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Sulfadoxine/pyrimethamine is recommended for intermittent preventative treatment of malaria during pregnancy. Data from 98 women during pregnancy and 77 after delivery in four African countries were analyzed using nonlinear mixed-effects modeling to characterize the effects of pregnancy, postpartum duration, and other covariates such as body weight and hematocrit on sulfadoxine/pyrimethamine pharmacokinetic properties. During pregnancy, clearance increased 3-fold for sulfadoxine but decreased by 18% for pyrimethamine. Postpartum sulfadoxine clearance decreased gradually over 13 weeks. This finding, together with hematocrit-based scaling of plasma to whole-blood concentrations and allometric scaling of pharmacokinetics parameters with body weight, enabled site-specific differences in the pharmacokinetic profiles to be reduced significantly but not eliminated. Further research is necessary to explain residual site-specific differences and elucidate whether dose-optimization, to address the 3-fold increase in clearance of sulfadoxine in pregnant women, is necessary, viable, and safe with the current fixed dose combination of sulfadoxine/pyrimethamine.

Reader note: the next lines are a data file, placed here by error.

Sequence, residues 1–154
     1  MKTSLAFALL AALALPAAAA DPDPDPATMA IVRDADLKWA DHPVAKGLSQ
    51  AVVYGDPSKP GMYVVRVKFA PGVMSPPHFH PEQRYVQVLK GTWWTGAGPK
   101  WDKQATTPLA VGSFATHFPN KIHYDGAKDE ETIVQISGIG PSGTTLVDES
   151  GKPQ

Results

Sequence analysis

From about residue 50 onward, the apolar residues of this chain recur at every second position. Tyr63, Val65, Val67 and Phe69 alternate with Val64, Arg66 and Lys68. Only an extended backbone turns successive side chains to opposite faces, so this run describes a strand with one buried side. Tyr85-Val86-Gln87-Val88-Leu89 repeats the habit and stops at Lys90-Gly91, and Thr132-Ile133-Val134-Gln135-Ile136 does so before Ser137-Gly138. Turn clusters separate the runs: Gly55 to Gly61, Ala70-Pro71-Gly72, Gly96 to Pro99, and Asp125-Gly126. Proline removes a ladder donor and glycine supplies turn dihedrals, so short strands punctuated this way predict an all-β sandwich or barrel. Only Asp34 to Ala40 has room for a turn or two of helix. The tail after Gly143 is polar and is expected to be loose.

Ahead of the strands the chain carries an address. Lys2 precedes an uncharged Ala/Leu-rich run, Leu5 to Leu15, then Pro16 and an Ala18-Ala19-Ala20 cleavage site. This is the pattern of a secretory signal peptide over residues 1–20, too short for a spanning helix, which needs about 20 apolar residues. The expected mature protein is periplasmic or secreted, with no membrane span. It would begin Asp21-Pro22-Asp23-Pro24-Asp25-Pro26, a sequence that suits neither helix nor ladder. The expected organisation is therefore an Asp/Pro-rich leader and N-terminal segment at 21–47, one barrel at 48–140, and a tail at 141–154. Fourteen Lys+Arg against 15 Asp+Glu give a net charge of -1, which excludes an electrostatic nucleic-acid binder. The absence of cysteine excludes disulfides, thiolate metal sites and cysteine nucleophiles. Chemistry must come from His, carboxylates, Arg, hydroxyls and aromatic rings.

Original publication




Journal article


CPT Pharmacometrics Syst Pharmacol

Publication Date





430 - 438


Adult, Africa, Antimalarials, Drug Combinations, Female, Humans, Malaria, Models, Biological, Postpartum Period, Pregnancy, Pyrimethamine, Sulfadoxine, Young Adult